By the way, I was already then the Statistician-General and the inflated numbers were under my watch. What were the countries' reactions?

The Argentinian reaction was most virulent, as they called me a liar and walked in protest out of the presentation where there were in excess of 300 participants.

Their ambassador accosted the South African Permanent Mission and they petitioned the director of the UN Statistics division as well. South African ambassador Baso Sanqu summoned me on the same evening for an explanation.

I also reported this instance to Minister Trevor Manuel as soon as I arrived back home. My response to all these authorities was understood to be impeccably professional, fair and firm.

The Canadian statistician responded as well and argued that the census still remained scientific and my retort was that a volunteer sample cannot be scientific.


What happened in these jurisdictions since these violations?

In South Africa I admitted to error and no amount of apologies could ever be enough given the impact of the error, but I indeed remain gracious to the government and peoples of South Africa for their magnanimity and understanding that errors do and can occur.

I led a gruelling re-engineering of the economic, social and population statistics and the modernisation programme of our statistics system and corrected the 2002 error in the CPI.

That has remained a big blot and a constant reminder in my career as a statistician and as a statistician-general.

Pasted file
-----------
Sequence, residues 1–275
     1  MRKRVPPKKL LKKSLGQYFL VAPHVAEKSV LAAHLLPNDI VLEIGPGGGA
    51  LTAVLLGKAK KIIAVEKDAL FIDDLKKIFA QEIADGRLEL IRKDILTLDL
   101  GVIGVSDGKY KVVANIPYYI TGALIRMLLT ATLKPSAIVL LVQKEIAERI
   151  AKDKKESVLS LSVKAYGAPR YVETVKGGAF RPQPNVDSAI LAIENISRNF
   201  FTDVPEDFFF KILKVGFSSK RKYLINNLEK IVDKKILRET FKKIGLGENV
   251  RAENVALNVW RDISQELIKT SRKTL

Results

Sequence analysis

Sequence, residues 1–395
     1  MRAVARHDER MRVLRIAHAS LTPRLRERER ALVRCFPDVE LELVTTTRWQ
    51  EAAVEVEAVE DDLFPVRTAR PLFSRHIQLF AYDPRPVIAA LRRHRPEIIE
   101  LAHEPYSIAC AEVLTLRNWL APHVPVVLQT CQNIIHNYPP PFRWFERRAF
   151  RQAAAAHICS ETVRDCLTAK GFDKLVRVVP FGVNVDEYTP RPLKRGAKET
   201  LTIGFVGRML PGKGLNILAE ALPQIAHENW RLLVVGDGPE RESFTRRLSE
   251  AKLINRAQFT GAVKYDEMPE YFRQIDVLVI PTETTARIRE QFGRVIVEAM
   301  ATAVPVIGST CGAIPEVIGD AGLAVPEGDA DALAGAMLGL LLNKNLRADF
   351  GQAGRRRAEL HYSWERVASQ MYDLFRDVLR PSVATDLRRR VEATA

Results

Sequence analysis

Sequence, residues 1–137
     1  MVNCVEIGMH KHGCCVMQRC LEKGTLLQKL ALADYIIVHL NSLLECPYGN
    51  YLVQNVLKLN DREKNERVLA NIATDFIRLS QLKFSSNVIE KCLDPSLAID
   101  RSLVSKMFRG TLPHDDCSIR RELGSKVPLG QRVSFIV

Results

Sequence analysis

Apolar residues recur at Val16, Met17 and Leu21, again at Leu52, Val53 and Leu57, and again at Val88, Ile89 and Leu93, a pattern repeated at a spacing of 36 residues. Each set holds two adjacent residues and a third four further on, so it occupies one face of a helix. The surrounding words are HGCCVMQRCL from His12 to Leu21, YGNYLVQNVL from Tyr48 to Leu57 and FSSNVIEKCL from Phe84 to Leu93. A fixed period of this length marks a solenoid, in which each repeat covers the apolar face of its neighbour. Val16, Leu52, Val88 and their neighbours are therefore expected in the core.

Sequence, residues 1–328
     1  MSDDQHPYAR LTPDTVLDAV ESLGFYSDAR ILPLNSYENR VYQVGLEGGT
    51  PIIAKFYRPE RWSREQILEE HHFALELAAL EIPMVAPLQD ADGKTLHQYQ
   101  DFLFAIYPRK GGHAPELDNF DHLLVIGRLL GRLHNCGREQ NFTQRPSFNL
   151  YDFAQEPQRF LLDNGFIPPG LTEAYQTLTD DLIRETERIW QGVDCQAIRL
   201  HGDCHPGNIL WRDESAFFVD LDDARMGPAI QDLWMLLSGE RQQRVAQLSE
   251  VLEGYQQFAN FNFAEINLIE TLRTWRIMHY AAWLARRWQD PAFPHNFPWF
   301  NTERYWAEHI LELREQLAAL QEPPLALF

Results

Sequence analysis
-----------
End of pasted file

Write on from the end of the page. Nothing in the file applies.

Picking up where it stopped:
In Canada, the 2016 Census has reintroduced a mandatory long form and there is major legislative reform that was occasioned by government action of annulling or tempering with the sample design implementation of the long census form.

The Argentinians have remained very appreciative of my unrelenting stance of critiquing them during their errant days. They are now reforming their statistics and I have been invited to view their work and progress they have made.

The former Greek statistician Georgiou remains my intellectual comrade as we weave through the perils of official statistics and trust that Greece will see the light of day. Indonesia remains stuck with benevolent violation of privacy and the risks remain real.

Like Galileo, the scientist who faced the perils of religion, chief statisticians face the perils of politics. Will the Montesquieu principle of independence save them? The South African Statistics Act 6 of 1999 is now under legislative review.

Dr Pali Lehohla is South Africa Statistician-General and Head of Statistics South Africa.